Funding Will Go Towards Purchase of Software Needed to Investigate Expressway Shootings
The Illinois Department of Transportation (IDOT) announced today it will provide $12.5 million to the Illinois State Police (ISP) for the purchase and installation of automated license plate readers (ALPR) and software to aid in the investigation of Cook County expressway shootings. ALPR installations at 47 locations will include specialized cameras to read the license plate numbers of vehicles moving in traffic. The installations will also include a communication system to backhaul the video images to a central location where additional software is used to query and match license plates to existing license plate and vehicle databases. This will help agents investigating expressway shootings.
“No one should feel afraid for their life or safety on Illinois expressways, and I’ve directed my administration to work collaboratively and creatively to ensure we have assets in place to protect the public,” Governor JB Pritzker said. “Tamara Clayton’s tragic death must not be forgotten, and we must do everything we can to prevent more expressway shootings.”
“The ISP welcomes this important step toward expanding force-multiplying technology we have long needed to protect the public,” said Illinois State Police Director Brendan F. Kelly. “With funding secured, the next step is to execute the plan, and start collecting the evidence we need to detect and deter crime on our interstates.”
“Making sure Illinois highways are as safe as possible always is our No. 1 priority at IDOT,” said Acting Illinois Transportation Secretary Omer Osman. “This agreement, made possible through the efforts of the General Assembly and Gov. Pritzker, is another step in that direction. We look forward to continuing our partnership with ISP and law enforcement throughout the state in finding new ways to protect the public.”
The $12.5 million grant from IDOT will cover the costs of engineering, permitting, and labor associated with the purchase and installation of readers, controllers, servers/software, electrical power, and communications equipment required to install ALPR systems. The maintenance of the ALPR systems for up to two years is also included in this agreement.
The Tamara Clayton Expressway Camera Act (Expressway Camera Act) was signed into law on July 12, 2019 and became effective on Jan. 1, 2020. On Feb. 4, 2019, Ms. Clayton was on her way to work when she was tragically shot and killed while driving on Interstate 57 near Cicero Avenue. ISP investigators responded and the investigation into her death remains open and ongoing. The Expressway Camera Act requires the ISP, IDOT, and Illinois State Toll Highway Authority (ISTHA) to conduct a program to increase the number of cameras along expressways in Cook County. The images from these cameras will not be used for petty offenses, such as speeding.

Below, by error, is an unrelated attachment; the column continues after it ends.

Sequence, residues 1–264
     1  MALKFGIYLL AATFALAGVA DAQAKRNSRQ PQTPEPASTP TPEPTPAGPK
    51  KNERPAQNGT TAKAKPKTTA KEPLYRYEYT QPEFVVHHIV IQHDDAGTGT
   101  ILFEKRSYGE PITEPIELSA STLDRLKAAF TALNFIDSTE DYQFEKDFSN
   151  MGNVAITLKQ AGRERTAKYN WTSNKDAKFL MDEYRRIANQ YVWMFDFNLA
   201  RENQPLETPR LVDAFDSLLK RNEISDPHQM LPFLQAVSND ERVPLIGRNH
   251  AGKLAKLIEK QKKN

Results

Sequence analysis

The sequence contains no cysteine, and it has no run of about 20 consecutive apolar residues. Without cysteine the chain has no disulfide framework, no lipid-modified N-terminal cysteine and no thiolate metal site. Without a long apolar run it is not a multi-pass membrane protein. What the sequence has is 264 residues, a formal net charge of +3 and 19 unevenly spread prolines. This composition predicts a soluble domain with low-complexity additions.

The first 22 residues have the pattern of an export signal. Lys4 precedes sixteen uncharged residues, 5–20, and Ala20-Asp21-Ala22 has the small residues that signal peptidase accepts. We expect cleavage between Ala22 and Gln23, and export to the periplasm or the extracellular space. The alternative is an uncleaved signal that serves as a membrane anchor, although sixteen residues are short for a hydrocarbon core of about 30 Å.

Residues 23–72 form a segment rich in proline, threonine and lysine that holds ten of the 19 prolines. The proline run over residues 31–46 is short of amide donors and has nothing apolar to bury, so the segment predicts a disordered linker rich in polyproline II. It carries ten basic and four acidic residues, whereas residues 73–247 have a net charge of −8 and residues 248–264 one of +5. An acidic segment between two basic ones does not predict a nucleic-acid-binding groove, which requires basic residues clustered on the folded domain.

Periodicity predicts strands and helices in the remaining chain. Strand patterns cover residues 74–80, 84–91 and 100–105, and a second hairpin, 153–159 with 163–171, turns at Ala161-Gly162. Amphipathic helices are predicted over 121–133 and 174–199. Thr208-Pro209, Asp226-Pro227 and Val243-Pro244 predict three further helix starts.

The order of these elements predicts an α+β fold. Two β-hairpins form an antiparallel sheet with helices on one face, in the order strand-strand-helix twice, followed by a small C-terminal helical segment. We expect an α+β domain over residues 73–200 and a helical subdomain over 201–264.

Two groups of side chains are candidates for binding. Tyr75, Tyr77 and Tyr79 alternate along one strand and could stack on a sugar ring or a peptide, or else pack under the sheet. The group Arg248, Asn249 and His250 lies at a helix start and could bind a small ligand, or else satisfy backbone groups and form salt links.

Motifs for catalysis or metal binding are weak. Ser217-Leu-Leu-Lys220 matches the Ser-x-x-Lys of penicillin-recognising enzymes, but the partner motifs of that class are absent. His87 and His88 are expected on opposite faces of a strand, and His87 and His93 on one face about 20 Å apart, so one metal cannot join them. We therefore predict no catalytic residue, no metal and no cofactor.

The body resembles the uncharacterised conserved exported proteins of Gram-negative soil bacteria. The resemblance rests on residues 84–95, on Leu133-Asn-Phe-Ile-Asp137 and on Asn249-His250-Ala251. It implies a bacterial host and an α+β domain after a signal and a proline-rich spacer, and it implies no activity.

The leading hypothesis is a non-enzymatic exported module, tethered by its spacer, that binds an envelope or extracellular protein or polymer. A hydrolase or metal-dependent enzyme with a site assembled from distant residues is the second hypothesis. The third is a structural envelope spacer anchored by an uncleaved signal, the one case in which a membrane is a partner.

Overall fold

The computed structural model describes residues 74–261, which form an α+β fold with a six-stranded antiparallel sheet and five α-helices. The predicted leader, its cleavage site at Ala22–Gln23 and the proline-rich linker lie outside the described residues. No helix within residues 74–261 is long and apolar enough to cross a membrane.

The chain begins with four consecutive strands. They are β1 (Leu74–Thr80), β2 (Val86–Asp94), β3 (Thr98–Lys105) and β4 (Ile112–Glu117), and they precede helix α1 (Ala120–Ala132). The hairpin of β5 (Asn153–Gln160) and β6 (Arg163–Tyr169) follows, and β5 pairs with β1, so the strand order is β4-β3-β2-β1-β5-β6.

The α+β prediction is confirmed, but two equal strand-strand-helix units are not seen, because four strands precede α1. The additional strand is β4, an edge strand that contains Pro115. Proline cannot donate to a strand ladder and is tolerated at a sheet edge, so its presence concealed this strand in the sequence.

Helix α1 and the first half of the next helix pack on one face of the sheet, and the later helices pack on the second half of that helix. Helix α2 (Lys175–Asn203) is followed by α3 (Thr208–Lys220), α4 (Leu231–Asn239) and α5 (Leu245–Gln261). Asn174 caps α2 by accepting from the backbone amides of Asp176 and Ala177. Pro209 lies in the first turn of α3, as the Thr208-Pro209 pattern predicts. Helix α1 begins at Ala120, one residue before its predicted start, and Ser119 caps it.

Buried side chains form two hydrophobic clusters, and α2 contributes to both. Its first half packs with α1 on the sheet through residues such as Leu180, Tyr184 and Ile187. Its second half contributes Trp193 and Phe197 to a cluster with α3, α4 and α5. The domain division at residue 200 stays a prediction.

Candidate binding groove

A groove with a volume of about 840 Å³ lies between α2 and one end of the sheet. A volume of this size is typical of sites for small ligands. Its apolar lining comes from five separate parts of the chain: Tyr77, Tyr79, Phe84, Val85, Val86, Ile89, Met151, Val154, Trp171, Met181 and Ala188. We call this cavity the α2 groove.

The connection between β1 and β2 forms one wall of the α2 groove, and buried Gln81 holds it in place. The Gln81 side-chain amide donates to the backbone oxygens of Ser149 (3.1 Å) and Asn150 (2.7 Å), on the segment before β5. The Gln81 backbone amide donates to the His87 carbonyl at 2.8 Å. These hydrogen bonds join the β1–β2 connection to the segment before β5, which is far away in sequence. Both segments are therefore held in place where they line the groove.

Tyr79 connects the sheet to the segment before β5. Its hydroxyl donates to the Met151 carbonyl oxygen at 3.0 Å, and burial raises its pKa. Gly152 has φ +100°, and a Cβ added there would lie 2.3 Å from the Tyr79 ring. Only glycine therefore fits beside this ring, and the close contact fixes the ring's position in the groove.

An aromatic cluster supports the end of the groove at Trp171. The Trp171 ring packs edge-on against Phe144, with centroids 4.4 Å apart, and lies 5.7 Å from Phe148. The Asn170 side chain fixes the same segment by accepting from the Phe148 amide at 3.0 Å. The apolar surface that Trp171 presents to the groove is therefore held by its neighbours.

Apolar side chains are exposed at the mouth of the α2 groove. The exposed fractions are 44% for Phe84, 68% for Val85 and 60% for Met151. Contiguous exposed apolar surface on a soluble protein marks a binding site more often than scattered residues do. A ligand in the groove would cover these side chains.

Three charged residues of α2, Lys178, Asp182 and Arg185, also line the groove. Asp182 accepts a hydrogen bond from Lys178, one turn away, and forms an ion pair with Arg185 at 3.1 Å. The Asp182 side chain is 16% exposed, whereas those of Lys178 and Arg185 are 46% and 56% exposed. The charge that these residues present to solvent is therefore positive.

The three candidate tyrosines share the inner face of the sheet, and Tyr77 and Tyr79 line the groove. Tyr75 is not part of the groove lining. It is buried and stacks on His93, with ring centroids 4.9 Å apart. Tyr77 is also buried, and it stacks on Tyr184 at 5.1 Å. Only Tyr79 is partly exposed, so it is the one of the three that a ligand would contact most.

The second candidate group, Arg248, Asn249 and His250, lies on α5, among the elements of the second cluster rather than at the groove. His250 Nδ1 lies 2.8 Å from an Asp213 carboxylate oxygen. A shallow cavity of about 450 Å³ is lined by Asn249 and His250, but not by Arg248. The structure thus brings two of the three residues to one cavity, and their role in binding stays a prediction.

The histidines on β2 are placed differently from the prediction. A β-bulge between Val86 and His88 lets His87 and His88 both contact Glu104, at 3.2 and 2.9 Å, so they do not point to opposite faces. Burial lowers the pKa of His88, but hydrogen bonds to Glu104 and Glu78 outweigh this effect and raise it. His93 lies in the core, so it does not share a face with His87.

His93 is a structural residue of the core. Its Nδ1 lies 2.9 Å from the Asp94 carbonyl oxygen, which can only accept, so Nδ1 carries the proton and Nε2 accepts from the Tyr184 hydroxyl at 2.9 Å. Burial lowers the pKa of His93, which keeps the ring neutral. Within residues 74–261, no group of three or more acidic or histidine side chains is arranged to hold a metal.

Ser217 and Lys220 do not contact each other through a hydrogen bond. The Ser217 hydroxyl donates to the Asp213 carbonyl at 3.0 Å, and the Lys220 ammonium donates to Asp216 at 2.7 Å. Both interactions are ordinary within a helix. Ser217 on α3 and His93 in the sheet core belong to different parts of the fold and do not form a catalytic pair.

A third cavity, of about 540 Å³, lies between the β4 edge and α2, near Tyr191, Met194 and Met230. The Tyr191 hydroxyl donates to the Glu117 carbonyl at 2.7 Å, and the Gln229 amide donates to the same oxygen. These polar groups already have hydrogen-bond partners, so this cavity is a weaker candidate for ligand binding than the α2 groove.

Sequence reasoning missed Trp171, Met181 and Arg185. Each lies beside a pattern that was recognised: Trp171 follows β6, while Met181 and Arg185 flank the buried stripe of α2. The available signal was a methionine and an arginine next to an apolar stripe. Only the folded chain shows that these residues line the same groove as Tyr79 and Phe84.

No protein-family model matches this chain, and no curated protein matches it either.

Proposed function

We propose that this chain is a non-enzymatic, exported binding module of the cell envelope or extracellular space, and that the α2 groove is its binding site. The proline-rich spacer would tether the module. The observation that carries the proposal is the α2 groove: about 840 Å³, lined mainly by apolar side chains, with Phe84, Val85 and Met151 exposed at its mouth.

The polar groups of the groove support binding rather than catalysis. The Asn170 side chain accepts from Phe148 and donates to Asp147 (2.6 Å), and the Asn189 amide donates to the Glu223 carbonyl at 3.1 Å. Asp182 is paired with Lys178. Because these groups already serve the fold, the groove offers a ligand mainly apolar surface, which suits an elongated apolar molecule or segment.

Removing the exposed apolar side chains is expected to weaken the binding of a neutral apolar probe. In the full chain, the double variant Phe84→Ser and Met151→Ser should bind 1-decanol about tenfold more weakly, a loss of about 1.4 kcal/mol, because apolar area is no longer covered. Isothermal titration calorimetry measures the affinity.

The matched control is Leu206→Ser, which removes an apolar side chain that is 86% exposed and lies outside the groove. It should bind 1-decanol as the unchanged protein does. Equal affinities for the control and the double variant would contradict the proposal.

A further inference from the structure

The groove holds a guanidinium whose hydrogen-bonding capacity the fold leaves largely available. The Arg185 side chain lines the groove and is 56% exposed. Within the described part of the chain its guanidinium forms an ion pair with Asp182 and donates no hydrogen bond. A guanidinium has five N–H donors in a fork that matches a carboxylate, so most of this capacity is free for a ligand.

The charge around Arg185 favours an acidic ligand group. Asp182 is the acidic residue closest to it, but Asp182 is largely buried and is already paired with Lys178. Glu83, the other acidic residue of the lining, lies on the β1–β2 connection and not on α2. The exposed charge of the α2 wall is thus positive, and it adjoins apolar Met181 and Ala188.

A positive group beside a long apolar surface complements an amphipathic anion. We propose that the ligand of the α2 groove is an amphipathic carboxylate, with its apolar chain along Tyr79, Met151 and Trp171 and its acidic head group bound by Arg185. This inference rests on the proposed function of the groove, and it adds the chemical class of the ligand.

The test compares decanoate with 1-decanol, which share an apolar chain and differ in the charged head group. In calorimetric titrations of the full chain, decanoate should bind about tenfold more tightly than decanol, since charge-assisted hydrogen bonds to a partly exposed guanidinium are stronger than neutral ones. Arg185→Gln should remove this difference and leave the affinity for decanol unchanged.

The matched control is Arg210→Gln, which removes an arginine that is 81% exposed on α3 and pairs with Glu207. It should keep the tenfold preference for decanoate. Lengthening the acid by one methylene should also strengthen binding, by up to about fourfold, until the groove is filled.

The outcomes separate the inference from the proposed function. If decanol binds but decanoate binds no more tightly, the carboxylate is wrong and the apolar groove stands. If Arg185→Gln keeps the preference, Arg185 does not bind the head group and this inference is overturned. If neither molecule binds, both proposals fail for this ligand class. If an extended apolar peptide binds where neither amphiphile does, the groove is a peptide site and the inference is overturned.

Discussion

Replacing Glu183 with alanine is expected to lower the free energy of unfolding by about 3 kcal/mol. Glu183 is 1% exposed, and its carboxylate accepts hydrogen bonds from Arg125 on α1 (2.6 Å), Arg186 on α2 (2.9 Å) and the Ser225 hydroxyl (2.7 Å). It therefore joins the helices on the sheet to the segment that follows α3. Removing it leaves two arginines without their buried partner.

“Today is a victory for Tamara Clayton and her family,” said Rep. Thaddeus Jones, who sponsored the bill. “By implementing this camera technology, we are not going to stop the number of shootings on the expressways; however, this technology will be used as a tool to catch those people who are using our expressways as their own personal shooting range. We have had enough these senseless shootings,” he concluded.
“I am gratified today to see that the Illinois State Police and Illinois Department of Transportation have taken another step to enact the Tamara Clayton Expressway Camera Act,” said Sen. Jacqueline Y. Collins, the bill’s sponsor. “It is our duty as a state to protect people who travel our roads. It’s my hope that the addition of these cameras will deter further crime. Tamara was an honest, hardworking person who was just trying to get to work. We must do everything in our power to prevent such senseless loss.”
“I am pleased that law enforcement and transportation agencies are partnering to end the violence on our expressways,” said State Senator Ram Villivalam, who chairs the Senate’s Transportation Committee. “We need to protect our commuters by ensuring those who commit violent crimes on the road will be held accountable.”
“This is the first step in using available technologies to make the Chicagoland expressways safer for everyone,” said Rep. John. D’Amico, who chairs the House Transportation Committee. “Motorists in our state should rest assured that violence on our expressways will not be tolerated.”
As of Feb. 10, 2021, a total of 27 expressway shootings on the Cook County area expressway systems has been reported; 11 shootings resulted in injuries, 3 shootings with fatalities, and a total of 14 gunshot victims. In 2020, there were a total of 128 reported expressway shootings. This unprecedented number included 49 shootings with injuries, 7 shootings with fatalities and a total of 72 gunshot victims. In 2019, the total number of reported expressway shootings was 52; 21 shootings with injuries, 3 shootings with fatalities and a total of 35 gunshot victims.
One shooting is too many and ISP is committed to working with the administration, stakeholders, and relevant state agencies, such as IDOT to make our roadways safer for drivers. The increased installation of cameras along Cook County expressways will be a valuable tool for investigating expressway shooting offenses.